I read on stuff tonight about a young guy in Wellington who died (two years ago) from alcohol poisoning. He was at a movie, and when he was found he had an empty 1L bottle of whisky beside him. Police records showed he was transient, and that he had drinking issues. He was only twenty-three years old.
The coroner, Ian Smith, said the following: "It would appear that the deceased has, to some degree, fallen through the cracks and that he appears to only have received limited support, partly brought about by his itinerant nature of his life...".
My heart feels so sad. I'm reminded of Holden Caulfield's ambition to be the Catcher. It's funny, being one of my favourite books, I've churned over so many parts of it in my mind, but I don't think I ever really thought what it really means for him to want to be the one who stops the kids from falling off the edge. I think all the time about authenticity... and now I realise I missed something more important than that.
We all know that the cracks are getting bigger. When we last voted, most people decided they wanted things other than what might help stop up cracks that seem unavoidable in a world that isn't perfect. That means that the rest of us, who value people, have to step up. We have to be the Catchers.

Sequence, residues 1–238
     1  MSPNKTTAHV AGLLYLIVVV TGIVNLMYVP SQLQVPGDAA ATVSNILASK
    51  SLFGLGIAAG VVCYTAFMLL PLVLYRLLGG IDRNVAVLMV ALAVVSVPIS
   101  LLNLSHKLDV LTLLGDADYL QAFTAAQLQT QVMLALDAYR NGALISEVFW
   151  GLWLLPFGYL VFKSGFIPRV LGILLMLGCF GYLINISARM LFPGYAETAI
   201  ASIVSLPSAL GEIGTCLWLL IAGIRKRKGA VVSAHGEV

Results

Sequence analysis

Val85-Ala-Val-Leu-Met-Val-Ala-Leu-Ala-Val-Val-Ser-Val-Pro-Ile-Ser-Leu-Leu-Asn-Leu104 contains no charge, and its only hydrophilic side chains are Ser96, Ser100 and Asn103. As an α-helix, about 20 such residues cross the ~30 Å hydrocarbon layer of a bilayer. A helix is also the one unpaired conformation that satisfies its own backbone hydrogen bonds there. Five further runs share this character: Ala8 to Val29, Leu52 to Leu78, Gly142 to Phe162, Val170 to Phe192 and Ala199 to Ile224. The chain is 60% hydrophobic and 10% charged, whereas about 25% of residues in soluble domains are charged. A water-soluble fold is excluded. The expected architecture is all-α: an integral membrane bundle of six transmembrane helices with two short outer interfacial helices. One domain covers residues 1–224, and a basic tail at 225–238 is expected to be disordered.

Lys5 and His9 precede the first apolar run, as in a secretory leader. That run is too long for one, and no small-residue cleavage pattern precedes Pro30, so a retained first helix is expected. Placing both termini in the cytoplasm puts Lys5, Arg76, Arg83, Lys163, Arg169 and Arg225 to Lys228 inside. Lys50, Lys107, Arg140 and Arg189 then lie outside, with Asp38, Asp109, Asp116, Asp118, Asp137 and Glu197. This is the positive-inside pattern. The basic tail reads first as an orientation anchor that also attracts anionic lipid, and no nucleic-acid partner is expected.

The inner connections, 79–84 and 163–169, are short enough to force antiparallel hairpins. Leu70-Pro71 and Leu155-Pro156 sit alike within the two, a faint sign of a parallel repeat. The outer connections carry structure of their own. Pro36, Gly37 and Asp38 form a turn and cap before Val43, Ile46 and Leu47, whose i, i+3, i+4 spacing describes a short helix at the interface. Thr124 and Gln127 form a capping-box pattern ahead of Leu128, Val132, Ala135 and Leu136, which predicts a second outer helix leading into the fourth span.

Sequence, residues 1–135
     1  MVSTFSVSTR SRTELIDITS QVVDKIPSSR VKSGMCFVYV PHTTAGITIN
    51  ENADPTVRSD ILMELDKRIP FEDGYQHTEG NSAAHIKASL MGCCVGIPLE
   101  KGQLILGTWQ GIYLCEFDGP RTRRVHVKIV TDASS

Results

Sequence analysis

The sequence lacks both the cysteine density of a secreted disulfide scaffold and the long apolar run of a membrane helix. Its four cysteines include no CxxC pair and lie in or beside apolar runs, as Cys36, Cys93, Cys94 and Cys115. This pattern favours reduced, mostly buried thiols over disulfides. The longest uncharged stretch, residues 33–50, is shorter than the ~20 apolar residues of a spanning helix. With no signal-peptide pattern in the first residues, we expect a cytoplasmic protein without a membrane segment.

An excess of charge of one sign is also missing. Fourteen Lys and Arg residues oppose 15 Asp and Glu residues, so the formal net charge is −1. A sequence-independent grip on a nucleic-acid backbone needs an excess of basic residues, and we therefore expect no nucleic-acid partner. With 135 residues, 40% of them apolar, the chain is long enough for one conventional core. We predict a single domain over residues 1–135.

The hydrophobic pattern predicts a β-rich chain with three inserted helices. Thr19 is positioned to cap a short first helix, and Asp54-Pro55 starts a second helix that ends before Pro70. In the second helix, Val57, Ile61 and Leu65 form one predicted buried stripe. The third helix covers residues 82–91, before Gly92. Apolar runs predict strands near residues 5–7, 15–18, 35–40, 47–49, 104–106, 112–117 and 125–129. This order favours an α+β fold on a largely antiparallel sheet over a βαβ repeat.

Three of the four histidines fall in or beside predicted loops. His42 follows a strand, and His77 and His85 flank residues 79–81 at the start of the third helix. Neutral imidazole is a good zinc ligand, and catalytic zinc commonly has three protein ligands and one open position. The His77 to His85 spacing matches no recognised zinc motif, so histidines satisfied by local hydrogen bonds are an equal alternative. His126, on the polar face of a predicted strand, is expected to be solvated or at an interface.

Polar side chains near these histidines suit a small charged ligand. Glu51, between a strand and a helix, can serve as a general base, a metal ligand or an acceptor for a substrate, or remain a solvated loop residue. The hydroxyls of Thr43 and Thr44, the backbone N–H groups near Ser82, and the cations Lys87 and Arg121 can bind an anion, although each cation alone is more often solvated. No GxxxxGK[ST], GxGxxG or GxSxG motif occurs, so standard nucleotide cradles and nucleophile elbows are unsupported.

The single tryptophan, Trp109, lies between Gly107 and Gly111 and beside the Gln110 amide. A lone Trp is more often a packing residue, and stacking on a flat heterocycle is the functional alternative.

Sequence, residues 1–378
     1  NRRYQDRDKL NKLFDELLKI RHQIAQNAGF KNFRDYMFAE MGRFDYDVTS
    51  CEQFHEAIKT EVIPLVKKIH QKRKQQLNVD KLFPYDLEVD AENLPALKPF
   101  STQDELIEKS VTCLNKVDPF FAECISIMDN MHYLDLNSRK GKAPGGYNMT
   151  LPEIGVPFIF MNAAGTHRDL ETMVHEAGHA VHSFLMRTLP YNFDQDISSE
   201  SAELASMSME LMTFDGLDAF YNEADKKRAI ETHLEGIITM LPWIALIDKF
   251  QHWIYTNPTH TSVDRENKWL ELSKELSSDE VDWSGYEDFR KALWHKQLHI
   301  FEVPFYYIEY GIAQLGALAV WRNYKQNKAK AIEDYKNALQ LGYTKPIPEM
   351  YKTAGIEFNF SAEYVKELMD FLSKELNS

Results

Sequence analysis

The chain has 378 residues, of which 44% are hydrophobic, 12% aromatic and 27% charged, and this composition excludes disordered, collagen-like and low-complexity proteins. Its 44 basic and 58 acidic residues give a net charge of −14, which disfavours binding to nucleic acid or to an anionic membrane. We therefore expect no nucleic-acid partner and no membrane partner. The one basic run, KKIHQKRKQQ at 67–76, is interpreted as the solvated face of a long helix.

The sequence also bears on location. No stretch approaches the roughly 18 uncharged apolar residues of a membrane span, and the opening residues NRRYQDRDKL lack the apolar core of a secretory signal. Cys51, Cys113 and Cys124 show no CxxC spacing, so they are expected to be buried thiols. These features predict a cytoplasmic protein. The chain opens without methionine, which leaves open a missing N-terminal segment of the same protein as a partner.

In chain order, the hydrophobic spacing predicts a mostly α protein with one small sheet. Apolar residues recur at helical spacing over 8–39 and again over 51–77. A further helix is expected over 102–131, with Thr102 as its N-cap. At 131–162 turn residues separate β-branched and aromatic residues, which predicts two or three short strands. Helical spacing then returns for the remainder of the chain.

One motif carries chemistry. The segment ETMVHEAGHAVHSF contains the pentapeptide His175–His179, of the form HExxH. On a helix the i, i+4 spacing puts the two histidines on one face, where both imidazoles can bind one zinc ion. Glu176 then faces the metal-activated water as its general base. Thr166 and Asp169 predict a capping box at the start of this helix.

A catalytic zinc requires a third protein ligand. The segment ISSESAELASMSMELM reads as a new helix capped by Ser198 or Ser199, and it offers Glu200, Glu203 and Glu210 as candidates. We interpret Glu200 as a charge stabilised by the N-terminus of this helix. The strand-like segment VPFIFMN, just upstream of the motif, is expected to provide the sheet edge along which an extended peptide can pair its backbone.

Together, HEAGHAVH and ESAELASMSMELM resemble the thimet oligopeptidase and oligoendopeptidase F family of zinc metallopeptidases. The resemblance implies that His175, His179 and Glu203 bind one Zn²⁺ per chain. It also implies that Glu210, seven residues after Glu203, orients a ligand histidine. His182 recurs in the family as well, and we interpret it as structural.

We can Catch by doing little things. We might not have cash every time we pass someone on the street who is asking for it, but we can acknowledge them, and make them know we recognise their value. We can Catch by respecting the people who cross our paths throughout the day. These are small beginnings, but they can quickly spread to other bigger things. Habits become a way of living, which then informs our beliefs and our politics, which should then go on to shape our society.
One of the things that defines my politics is a belief that we are all responsible for and to each other. I feel that we failed this man. Please, let's pledge to each other that we will go all out to stop people from "falling through the cracks". Life isn't always the best - sometimes it's downright shit. But while we have it, we should feel valued, and able to live well.